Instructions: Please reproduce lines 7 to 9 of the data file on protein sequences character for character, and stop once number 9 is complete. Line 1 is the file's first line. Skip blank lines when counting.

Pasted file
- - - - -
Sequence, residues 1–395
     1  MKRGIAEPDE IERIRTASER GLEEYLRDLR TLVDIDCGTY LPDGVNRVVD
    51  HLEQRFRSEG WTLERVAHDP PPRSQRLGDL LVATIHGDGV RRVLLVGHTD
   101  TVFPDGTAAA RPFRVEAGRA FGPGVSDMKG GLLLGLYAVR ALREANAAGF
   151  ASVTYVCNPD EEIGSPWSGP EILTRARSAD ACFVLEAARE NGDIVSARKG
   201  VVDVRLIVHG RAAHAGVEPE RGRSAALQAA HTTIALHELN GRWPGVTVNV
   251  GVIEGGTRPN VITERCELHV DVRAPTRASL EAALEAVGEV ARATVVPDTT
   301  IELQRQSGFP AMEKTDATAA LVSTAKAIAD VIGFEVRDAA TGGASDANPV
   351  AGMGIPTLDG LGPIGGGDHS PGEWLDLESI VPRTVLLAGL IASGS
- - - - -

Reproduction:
   251  GVIEGGTRPN VITERCELHV DVRAPTRASL EAALEAVGEV ARATVVPDTT
   301  IELQRQSGFP AMEKTDATAA LVSTAKAIAD VIGFEVRDAA TGGASDANPV
   351  AGMGIPTLDG LGPIGGGDHS PGEWLDLESI VPRTVLLAGL IASGS